One of the simpler solutions for finding the **zero sum subarrays** within this problem would be analysing all the Subarrays and checking whether any of their sum equals zero or not.

Let's have a look at this approach and also analyse its time complexity.

**Method 1: Applying the Brute Force Algorithm**

The Brute Force is an algorithm in programming that involves solving a problem by iterating through every single element within the program and making sure to check every item until the purpose of the program is fulfilled.

The time complexity for applying the Brute Force algorithm corresponds to the size of the input provided in the problem statement.

Now, as per the nature of this algorithm, one can certainly conclude that this approach in particular is definitely more lengthy and time consuming than others.

It may be consistent but it is rather slow as compared to all the other derivatives. But, in the context of finding **zero sum Subarray** in a given input, the Brute Force Algorithm will certainly prove to be most effective and accurate.

Let's have a look at how the algorithm for Brute Force will follow:

- Start by visiting every single Subarray contained within the input Array.
- Check the value of the sum of these Subarrays individually. The target is finding the Subarray values that equals 0.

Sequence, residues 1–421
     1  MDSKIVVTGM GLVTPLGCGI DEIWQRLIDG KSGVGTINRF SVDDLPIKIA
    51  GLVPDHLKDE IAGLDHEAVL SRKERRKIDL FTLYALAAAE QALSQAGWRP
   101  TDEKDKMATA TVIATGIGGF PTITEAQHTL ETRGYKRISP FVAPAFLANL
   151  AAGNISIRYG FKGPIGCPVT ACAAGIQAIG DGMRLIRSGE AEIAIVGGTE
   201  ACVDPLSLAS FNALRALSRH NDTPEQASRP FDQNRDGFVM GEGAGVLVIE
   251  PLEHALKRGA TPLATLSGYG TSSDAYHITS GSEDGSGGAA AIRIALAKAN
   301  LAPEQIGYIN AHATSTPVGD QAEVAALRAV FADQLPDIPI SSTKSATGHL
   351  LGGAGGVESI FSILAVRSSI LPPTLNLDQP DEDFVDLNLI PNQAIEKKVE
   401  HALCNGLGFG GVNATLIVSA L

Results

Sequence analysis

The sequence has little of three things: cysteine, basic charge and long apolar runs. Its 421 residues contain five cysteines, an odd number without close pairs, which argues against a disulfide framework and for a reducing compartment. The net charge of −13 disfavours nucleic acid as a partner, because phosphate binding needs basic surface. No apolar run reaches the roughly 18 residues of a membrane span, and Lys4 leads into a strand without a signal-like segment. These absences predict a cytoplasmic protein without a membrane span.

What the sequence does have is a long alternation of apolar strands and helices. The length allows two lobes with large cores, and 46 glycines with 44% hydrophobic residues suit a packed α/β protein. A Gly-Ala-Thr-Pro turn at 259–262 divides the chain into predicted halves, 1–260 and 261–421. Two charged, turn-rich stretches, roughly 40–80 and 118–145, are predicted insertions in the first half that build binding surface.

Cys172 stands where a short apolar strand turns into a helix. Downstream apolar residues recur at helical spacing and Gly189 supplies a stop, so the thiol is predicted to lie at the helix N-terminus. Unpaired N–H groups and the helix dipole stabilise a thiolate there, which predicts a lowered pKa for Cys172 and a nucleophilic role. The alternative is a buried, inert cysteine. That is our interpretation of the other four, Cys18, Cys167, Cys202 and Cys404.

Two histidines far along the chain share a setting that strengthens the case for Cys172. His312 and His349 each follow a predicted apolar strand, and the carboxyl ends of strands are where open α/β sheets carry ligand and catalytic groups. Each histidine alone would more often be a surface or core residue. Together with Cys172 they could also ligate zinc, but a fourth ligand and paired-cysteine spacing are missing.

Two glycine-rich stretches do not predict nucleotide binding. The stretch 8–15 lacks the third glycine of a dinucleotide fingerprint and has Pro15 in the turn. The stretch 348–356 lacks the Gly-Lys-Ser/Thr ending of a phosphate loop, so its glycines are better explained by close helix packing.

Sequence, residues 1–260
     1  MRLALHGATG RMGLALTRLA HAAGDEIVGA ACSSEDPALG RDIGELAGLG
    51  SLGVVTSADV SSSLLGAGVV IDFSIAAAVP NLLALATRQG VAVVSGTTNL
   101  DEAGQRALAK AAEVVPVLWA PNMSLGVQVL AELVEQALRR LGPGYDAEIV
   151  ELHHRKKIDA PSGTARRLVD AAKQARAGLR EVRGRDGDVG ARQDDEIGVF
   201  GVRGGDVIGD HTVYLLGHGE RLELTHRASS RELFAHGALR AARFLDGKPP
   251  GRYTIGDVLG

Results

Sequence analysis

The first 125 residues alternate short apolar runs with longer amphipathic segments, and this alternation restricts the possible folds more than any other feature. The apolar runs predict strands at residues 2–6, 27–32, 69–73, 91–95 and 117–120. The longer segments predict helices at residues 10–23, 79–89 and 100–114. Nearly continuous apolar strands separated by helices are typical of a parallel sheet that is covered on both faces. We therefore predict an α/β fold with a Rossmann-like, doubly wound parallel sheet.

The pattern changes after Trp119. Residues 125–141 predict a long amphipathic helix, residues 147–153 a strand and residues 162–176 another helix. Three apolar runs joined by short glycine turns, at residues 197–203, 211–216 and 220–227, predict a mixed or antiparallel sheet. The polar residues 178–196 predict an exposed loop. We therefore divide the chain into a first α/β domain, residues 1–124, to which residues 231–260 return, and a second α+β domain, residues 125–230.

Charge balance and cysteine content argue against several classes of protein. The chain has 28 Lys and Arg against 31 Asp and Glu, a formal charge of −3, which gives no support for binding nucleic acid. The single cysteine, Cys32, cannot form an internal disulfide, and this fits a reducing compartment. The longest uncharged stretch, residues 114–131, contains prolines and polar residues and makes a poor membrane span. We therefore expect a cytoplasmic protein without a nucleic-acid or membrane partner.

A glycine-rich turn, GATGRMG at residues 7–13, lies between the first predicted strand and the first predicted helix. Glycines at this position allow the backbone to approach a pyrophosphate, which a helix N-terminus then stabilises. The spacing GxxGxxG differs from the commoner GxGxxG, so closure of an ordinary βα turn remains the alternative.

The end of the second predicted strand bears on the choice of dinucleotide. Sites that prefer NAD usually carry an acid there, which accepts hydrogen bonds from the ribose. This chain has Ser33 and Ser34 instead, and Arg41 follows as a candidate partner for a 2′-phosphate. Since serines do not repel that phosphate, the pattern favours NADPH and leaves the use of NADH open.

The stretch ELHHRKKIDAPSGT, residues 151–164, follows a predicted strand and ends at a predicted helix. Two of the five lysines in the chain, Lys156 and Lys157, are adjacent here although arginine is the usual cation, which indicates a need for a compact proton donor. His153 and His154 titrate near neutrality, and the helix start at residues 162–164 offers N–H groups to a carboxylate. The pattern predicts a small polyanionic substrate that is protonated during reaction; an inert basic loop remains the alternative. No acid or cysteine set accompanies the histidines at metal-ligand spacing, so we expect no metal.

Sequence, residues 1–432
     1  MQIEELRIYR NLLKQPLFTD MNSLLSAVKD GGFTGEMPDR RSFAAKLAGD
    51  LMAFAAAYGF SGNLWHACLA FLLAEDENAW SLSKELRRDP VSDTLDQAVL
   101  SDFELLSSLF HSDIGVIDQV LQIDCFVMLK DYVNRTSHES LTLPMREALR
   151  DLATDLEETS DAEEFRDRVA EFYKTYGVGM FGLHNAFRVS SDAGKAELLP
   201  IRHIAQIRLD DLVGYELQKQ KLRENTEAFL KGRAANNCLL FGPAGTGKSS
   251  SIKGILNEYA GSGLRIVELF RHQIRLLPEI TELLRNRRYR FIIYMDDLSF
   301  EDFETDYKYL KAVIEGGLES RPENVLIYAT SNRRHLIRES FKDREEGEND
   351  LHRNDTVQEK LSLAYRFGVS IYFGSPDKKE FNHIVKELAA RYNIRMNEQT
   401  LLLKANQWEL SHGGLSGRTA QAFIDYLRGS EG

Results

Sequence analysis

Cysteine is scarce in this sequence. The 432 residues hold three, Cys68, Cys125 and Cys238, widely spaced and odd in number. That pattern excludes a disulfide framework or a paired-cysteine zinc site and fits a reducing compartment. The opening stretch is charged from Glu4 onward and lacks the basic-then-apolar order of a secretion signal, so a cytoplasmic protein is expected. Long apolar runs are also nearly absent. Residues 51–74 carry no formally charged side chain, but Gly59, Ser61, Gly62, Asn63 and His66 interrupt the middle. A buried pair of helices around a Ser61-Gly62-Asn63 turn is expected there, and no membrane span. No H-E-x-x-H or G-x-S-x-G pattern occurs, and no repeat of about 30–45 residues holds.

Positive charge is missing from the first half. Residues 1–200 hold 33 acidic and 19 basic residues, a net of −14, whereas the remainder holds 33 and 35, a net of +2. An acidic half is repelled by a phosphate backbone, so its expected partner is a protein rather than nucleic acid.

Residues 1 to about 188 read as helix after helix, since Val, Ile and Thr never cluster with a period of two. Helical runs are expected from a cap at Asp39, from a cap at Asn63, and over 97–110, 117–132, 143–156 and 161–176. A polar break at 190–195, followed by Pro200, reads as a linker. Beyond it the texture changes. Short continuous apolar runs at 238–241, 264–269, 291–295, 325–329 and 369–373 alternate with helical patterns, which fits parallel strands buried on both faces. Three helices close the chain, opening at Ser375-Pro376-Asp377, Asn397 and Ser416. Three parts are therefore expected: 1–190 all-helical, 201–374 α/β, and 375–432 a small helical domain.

**Time Complexity of this approach:**

Since we have applied the Brute Force Algorithm, the required time complexity for this problem will be projected as: O(n^2).

**Method 2: Creating a Hashmap**

From finding the second largest element in an array to implementing the **reverse string word wise, **the HashMaps essentially help with solving all sorts of DSA problems.

The HashMap is a form of data structure that is known for using the Hash function in order to identify specific keys. These keys are associated with their allotted values and are used for storing them within maps.

A hashmap essentially consists of "key-value" pairs that allows retaining the values by the keys.

Here's how the algorithm for creating a Hashmap would work:

- Keep storing the value of the elements found within the Subarray in a variable.
- If the initial sum is found to be 0, then we have successfully spotted the Subarray with index 0.
- Next up, you will have to check whether this current sum is available in the Hashmap or not.
- If this initial sum already exists with the Hashmap then we can conclude that the sum of the located Subarray equals 0.
- Finally, end the program by inserting the value of the current sum within the hash table.

**Time Complexity for this approach:**

O(N)

**Final Thoughts**

Did you know that knowing the concept of arrays by-heart plays a big role in landing you job profiles in the technical and coding fields?

This blog was merely a glimpse of how vast the concept of arrays is.

For people who are interested in more fundamentals and concepts of DSA, we would recommend practicing Binary Trees and String based problems such as finding the largest BST in a Binary Tree or **reverse string word wise** problem.